Summer 2011 Movies: The Best, The Worst, & Some Surprises

Published 2 years ago by , Updated September 6th, 2011 at 5:22 pm,

Best Surprise Hit – X-Men: First Class

rose byrne talks x men first class sequel 570x285 Summer 2011 Movies: The Best, The Worst, & Some Surprises

Matthew Vaughn’s rebooting prequel, X-Men: First Class, read as potentially fantastic on paper – a ’60s-set adventure full of political intrigue and young mutant drama – but concerns about its significant departure from both the previous X-Men movie and comic book continuity made many a fan wary about its potential quality. Those concerns were only amplified by a rushed production schedule and mixed marketing campaign that even left the film’s cast wondering if the project was a disaster in the making.

That First Class turned out as well as it did in spite of all those issues was a genuine surprise. It failed to reach the heights of box office success that its predecessors and fellow Marvel comic book adaptations managed, but still made enough worldwide to keep plans for a sequel alive. First Class also helped get the X-Men franchise back on track after two installments (X-Men: The Last Stand and X-Men Origins: Wolverine) which were given an overall lackluster reception.

Lastly, has there been a better onscreen “bromance” recently than that between young Charles Xavier (James McAvoy) and Erik Lensherr (Michael Fassbender) in First Class?

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Most Disappointing Surprise Flop - Don’t Be Afraid of the Dark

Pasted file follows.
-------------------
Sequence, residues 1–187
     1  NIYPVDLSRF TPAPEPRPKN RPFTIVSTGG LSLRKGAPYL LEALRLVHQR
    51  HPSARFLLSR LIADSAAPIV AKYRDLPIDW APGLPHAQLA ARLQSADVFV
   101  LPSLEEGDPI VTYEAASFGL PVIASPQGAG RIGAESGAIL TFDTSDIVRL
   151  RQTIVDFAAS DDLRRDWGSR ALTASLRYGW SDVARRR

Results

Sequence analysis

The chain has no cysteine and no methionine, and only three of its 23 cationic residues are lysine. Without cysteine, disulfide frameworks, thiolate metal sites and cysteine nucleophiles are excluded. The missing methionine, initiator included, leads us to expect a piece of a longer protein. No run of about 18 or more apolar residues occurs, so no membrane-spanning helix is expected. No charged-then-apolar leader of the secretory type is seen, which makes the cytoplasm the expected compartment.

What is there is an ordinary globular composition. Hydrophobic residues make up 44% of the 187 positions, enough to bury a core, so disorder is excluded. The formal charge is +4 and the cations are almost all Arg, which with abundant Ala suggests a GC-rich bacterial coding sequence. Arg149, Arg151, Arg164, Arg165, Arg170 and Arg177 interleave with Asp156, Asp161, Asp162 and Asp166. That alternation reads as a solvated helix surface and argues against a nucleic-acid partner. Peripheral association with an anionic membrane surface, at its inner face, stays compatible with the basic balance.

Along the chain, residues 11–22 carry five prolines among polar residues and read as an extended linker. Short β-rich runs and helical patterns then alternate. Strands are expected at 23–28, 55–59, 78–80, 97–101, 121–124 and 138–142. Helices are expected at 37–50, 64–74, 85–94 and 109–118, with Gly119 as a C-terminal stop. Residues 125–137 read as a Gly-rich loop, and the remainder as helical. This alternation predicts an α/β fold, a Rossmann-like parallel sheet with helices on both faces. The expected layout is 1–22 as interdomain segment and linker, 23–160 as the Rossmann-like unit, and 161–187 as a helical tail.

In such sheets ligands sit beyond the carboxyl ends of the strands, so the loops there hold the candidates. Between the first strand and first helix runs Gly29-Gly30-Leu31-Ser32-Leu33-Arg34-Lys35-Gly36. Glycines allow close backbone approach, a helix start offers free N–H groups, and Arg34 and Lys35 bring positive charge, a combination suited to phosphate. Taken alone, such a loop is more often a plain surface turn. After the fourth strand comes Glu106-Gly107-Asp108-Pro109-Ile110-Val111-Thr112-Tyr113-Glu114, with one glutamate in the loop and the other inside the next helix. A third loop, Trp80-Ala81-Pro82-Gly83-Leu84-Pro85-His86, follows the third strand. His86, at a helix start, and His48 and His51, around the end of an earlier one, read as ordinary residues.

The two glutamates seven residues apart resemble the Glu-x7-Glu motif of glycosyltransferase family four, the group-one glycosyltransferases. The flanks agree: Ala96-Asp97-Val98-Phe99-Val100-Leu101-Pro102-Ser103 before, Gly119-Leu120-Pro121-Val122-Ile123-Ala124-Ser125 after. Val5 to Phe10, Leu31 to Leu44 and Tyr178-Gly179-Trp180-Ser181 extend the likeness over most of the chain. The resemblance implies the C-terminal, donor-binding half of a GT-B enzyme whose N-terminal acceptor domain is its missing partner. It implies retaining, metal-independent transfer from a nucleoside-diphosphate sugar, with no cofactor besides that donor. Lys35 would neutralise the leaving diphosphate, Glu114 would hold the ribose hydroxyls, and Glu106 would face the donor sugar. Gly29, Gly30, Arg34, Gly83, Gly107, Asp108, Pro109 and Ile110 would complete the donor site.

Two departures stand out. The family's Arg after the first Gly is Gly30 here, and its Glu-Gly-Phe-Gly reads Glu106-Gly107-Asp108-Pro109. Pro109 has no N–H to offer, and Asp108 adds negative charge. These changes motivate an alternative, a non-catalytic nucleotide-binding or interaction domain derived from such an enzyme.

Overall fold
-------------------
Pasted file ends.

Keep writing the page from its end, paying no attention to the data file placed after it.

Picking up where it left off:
Guy Pearce and Katie Holme in Dont Be Afraid of the Dark Summer 2011 Movies: The Best, The Worst, & Some Surprises

A remake of the 1970s made-for-TV cult classic Don’t Be Afraid of the Dark was never expected to be a box office smash, but Guillermo del Toro fans were definitely psyched to see this one. Just a day before its hit theaters, a red band trailer was released, hinting that it would be a spooky creature feature that boasted the sort of skin-crawling violence and horrific atmosphere that del Toro fans loved in his previous films. So what the heck went wrong?

It turned out that having del Toro write and direct your movie is a very different thing than having him co-write and produce. Not everyone found Don’t Be Afraid of the Dark quite as laughably bad as we did, but even its admirers seem to agree, there was definitely room for improvement. The box office returns have reflected that lack of enthusiasm, seeing how the film doesn’t look to even match its $25 million budget, as far as U.S. ticket sales go.

To further put it in perspective - Don’t Be Afraid of the Dark might not even outgross Apollo 18, when all is said and done. How many people saw that coming?

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Next: Best and Most Disappointing Animated Movies

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TAGS: bridesmaids, captain america, cars 2, don't be afraid of the dark, fast five, final destination 5, green lantern, harry potter, kung fu panda 2, pirates of the Caribbean 4, rise of the planet of the apes, the hangover 2, thor, transformers 3, x-men: first class

147 Comments

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  1. No no not green lantern… Did you see Thor… That movie was trash

  2. i agree that green lantern should have been a better movie.